New Yorkers have been celebrated as well as mocked about wearing black for so many years now that it’s anything but news to point out the fashion choice. Like everyone else who ever looked around New York City, in public or private, I’ve been aware of the trend. No, “trend” is a word that can’t be applied to something this long-lasting.
Let’s just say I’ve been aware of the condition seemingly forever, but it was never brought home to me so irrevocably as it was one winter night eight or ten years back. I was standing in a crowd waiting for the doors to open on a Tribeca venue where a site-specific play was about to take place.
While chatting with the friend who’d accompanied me, I was glancing around casually the way you often do in a conversation. Suddenly, a dime dropped resoundingly. I realized that everyone surrounding me was wearing black. I’d estimate there were about 80 ticket holders milling, most in their twenties, thirties or forties.
From where I stood, I could only see two people who weren’t black-clad: my buddy and me. I was bobbing in an entirely different Black Sea.
Ever since then, I’ve thought about New Yorkers and their black apparel even more often and wondered why the emphasis. As someone, then, on the lookout for New York City black, I can say I see a lot. I can also say I see a lot of other colors, too. But we’re assuming here that black is a color. It certainly is at the Gap, where the slogan “Black is a color” is regularly sighted high on walls.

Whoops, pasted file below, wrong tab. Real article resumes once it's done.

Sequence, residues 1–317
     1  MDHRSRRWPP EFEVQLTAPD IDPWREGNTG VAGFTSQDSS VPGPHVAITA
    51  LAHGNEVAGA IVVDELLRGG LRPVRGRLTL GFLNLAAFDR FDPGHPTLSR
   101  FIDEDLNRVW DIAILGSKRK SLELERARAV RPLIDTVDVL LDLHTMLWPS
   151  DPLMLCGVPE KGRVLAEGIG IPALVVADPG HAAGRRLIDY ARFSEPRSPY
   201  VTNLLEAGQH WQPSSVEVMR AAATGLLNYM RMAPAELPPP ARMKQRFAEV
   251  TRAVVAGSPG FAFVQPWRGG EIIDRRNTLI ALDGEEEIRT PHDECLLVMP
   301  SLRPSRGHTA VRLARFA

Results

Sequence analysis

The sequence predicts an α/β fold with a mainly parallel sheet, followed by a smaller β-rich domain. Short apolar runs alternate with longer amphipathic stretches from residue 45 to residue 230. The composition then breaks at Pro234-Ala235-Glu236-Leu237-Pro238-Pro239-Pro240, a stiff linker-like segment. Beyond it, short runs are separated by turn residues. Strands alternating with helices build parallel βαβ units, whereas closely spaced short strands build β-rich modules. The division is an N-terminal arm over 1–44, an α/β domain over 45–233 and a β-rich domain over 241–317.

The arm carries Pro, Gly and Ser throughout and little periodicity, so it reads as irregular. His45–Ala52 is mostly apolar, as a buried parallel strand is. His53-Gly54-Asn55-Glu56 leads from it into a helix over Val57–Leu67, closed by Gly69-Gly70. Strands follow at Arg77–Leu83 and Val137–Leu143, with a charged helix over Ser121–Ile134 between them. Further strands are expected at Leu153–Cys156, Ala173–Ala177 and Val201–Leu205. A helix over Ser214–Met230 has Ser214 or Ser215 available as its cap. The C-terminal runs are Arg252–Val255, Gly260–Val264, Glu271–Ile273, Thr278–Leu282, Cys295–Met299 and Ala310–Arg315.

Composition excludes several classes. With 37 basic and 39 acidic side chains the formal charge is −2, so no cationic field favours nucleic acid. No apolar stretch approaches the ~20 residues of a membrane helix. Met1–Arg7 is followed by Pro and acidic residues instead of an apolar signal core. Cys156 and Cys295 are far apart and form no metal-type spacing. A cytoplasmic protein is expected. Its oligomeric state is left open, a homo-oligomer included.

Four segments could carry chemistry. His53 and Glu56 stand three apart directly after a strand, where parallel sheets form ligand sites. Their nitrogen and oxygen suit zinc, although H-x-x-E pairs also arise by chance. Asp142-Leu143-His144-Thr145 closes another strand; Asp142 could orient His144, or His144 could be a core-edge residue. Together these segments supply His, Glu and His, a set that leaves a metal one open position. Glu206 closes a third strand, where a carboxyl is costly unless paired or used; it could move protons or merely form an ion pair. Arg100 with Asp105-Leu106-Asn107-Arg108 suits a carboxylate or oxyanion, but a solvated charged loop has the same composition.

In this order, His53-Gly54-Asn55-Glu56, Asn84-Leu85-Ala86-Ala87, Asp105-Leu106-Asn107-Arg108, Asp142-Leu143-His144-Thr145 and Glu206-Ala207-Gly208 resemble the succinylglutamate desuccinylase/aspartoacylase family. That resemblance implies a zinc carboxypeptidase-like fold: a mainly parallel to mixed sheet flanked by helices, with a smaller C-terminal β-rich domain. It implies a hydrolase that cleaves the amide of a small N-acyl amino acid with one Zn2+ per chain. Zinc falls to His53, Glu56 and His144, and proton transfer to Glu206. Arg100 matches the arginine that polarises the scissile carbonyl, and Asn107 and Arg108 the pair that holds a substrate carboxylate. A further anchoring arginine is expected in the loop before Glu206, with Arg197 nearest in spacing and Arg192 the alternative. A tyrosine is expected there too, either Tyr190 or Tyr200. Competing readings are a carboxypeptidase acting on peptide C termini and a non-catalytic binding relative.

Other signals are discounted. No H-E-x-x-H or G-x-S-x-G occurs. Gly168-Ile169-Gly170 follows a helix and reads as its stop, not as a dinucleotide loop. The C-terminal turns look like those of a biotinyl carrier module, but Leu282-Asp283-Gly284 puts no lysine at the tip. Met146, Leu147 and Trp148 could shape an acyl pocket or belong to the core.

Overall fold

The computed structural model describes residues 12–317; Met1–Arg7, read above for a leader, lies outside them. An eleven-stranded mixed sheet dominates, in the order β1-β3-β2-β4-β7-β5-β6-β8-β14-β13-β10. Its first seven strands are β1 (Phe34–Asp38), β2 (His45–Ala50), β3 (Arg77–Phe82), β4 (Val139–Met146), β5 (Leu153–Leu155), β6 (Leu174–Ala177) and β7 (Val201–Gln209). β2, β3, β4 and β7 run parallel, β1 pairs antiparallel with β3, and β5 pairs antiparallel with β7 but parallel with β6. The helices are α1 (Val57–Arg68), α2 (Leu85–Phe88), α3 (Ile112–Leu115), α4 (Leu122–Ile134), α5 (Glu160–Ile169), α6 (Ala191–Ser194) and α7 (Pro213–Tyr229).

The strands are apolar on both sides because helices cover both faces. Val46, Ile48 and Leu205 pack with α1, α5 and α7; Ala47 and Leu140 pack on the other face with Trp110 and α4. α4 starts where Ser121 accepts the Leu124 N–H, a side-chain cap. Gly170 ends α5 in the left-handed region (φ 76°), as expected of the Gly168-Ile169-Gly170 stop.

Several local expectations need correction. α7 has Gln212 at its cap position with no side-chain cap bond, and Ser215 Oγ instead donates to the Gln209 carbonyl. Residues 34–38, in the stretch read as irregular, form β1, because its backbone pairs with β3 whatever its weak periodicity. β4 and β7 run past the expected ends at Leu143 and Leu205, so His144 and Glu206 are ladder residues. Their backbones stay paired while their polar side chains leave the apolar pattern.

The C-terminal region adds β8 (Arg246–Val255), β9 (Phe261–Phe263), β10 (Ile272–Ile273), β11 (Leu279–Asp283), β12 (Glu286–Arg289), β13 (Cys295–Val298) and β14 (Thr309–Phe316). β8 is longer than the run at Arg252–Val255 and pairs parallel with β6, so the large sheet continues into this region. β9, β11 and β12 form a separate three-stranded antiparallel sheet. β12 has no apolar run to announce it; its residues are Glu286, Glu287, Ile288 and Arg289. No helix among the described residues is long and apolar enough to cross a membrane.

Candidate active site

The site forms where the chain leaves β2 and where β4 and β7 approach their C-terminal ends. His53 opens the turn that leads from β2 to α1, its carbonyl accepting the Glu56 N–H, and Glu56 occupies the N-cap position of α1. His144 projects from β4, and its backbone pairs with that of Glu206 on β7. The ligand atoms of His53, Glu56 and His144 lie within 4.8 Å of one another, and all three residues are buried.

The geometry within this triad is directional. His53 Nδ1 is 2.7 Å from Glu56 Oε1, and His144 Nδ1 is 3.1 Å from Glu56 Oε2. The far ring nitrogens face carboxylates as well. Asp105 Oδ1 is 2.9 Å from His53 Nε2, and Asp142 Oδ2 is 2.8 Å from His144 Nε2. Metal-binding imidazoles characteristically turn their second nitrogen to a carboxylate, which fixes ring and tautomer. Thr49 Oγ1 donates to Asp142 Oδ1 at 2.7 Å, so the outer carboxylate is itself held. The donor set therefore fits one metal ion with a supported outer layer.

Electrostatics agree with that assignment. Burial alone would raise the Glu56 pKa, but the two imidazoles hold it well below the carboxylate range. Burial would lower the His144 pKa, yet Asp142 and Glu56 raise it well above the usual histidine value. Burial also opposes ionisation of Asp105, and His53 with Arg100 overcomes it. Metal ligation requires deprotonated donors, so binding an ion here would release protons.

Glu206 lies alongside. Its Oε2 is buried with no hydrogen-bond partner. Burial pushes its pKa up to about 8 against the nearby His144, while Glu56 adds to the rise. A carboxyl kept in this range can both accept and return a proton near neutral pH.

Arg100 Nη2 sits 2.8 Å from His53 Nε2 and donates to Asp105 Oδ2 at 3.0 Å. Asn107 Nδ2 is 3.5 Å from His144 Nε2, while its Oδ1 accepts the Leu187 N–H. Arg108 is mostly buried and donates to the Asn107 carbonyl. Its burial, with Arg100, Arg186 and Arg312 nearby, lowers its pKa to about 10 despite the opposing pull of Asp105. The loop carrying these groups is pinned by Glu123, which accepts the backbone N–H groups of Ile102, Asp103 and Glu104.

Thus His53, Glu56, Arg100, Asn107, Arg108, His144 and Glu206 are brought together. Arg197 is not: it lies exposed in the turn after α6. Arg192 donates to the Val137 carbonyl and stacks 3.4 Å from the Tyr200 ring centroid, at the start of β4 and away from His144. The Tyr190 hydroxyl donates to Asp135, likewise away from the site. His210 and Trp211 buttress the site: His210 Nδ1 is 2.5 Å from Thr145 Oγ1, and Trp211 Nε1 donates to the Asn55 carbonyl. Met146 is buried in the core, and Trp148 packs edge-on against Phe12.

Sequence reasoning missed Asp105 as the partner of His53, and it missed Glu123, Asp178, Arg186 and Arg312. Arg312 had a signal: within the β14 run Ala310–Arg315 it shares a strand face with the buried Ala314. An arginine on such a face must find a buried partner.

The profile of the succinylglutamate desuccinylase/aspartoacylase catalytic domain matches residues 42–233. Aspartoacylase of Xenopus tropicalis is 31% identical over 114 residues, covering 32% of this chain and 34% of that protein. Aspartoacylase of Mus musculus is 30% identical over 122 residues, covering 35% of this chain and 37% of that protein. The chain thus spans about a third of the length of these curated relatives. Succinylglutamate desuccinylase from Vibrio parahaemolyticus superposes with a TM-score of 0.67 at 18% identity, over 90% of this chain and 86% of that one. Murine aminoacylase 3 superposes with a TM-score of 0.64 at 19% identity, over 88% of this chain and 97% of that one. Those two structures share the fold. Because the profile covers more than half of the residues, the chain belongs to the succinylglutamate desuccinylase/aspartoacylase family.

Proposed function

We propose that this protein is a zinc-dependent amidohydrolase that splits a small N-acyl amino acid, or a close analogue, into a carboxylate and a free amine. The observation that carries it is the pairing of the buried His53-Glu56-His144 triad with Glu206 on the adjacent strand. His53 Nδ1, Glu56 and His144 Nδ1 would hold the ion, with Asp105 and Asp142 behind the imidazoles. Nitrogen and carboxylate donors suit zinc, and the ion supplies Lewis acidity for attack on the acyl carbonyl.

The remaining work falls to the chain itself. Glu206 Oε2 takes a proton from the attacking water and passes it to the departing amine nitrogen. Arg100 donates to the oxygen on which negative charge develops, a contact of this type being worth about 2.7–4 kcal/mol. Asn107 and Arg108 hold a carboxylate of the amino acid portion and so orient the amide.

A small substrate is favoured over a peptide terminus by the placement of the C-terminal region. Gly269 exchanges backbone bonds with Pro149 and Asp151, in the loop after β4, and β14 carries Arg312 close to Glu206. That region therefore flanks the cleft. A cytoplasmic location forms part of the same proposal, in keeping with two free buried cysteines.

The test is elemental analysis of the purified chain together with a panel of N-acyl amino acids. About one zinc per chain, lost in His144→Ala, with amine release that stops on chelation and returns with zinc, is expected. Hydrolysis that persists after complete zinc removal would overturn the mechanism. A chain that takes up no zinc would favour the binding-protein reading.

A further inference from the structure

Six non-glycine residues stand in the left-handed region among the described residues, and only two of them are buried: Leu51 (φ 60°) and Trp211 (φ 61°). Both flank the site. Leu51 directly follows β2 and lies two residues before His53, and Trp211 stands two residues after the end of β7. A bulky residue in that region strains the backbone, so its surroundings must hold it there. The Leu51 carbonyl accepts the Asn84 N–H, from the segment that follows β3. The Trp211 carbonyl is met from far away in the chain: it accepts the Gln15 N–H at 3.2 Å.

Businessmen and politicians almost never wear black suits. Neither do they wear brown—Manhattan is generally brown-averse. They wear blue or grey. (Curiously, businesswomen and female politicians may at times wear black). Policemen wear blue, unless they’re under cover and then may wear black to fit in. Crossing guards may wear black but only underneath loud vests. From television we know that for prison inmates, orange is the dominant color.
Nevertheless, while black in New York City is prevalent, virtually none of the Fashion Week runways showed much of the color.
Yet, black rules if you judge by the coffee shop/bagelry where I read the morning papers. Today, one of the tallest women I’ve ever seen was there in a black lace blouse, and a black-and-red plaid skirt. A young girl came in wearing black tights with a gray skit and grey jacket. The young woman at the table next to me looked like the Audrey Hepburn of Funny Face in all black. Black on men, especially outerwear, may be even more common, and that’s not even counting leather queens. And where else across the land do handholding couples—hetero- or homosexual—stroll the street and avenues in all black?
Others commentators have expounded on the phenomenon, although, near as I can figure, no one definitively. For women, did it begin with, and then grow from, the little black dress that Coco Chanel promoted in the 1920s? In Real Simple, Maura Fritz remarks under the headline “A Short History of the Little Black Dress,” “[P]erhaps more than any other designer, Coco Chanel was the one who made it ubiquitous. She did not invent the concept, of course.” The LBD, as it’s familiarly called, was ballyhooed as able to go anywhere. So why not black in any form of apparel?